World Library  
Flag as Inappropriate
Email this Article

Dicrotic pulse

Article Id: WHEBN0024232588
Reproduction Date:

Title: Dicrotic pulse  
Author: World Heritage Encyclopedia
Language: English
Subject: Typhoid fever, Levine scale, Heart click, Continuous murmurs, Carotid bruit
Collection:
Publisher: World Heritage Encyclopedia
Publication
Date:
 

Dicrotic pulse

A dicrotic pulse[1] is a type of pulse characterized by a percussion wave in systole and a prominent dicrotic wave in diastole. Physiologically, the dicrotic wave is the result of reflected waves from the lower extremities and aorta.

Conditions associated with low cardiac output and high systemic vascular resistance can produce a dicrotic pulse.[2] Moreover, conditions associated with low systemic vascular resistance and a compliant aorta (e.g. sepsis) can also produce a dicrotic pulse, although the mechanism is not entirely understood.

In contrast to an anacrotic or bisferiens pulse, the 2 peaks in a dicrotic pulse occur in systole and diastole (as opposed to both occurring in systole). .

See also

References

  1. ^
  2. ^ http://heart.bmj.com/cgi/content/abstract/56/6/531


This article was sourced from Creative Commons Attribution-ShareAlike License; additional terms may apply. World Heritage Encyclopedia content is assembled from numerous content providers, Open Access Publishing, and in compliance with The Fair Access to Science and Technology Research Act (FASTR), Wikimedia Foundation, Inc., Public Library of Science, The Encyclopedia of Life, Open Book Publishers (OBP), PubMed, U.S. National Library of Medicine, National Center for Biotechnology Information, U.S. National Library of Medicine, National Institutes of Health (NIH), U.S. Department of Health & Human Services, and USA.gov, which sources content from all federal, state, local, tribal, and territorial government publication portals (.gov, .mil, .edu). Funding for USA.gov and content contributors is made possible from the U.S. Congress, E-Government Act of 2002.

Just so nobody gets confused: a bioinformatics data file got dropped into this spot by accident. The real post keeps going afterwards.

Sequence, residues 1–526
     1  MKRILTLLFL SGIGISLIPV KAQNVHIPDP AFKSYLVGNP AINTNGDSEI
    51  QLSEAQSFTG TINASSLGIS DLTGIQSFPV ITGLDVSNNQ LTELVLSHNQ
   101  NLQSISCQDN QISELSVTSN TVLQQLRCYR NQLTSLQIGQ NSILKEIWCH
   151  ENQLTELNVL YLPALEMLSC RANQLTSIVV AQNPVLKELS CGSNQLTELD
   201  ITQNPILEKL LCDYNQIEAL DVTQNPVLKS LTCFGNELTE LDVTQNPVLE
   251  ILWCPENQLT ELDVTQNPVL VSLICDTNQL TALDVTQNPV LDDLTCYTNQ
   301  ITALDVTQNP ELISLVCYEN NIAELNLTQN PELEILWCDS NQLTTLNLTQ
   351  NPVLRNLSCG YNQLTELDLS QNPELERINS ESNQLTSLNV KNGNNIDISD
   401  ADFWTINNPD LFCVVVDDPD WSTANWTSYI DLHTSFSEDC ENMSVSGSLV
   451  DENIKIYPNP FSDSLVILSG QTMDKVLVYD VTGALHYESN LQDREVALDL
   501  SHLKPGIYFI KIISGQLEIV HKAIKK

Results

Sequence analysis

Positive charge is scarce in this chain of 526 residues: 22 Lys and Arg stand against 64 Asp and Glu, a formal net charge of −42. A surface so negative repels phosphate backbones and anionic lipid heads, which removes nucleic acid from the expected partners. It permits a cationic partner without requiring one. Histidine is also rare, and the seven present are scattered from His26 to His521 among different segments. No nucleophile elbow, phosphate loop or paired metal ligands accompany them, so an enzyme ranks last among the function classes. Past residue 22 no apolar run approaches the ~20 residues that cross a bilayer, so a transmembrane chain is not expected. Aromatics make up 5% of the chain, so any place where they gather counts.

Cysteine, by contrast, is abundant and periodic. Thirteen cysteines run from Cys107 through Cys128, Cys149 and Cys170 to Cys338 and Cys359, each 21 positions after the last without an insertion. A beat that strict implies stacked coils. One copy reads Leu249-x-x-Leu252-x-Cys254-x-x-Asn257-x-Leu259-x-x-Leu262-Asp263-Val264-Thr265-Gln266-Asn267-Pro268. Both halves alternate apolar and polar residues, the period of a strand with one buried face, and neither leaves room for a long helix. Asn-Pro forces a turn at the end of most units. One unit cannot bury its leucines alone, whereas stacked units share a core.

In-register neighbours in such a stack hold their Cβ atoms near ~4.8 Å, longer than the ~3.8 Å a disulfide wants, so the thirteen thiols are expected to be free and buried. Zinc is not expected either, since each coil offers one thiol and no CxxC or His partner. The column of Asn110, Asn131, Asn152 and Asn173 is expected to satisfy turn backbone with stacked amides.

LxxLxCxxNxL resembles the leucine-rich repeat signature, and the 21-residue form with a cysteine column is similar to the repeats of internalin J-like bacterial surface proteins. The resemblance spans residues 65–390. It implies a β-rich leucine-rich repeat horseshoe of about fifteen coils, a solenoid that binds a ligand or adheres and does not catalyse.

Crowd sourced content that is contributed to World Heritage Encyclopedia is peer reviewed and edited by our editorial staff to ensure quality scholarly research articles.
 
By using this site, you agree to the Terms of Use and Privacy Policy. World Heritage Encyclopedia™ is a registered trademark of the World Public Library Association, a non-profit organization.
 



Copyright © World Library Foundation. All rights reserved. eBooks from World eBook Library are sponsored by the World Library Foundation,
a 501c(4) Member's Support Non-Profit Organization, and is NOT affiliated with any governmental agency or department.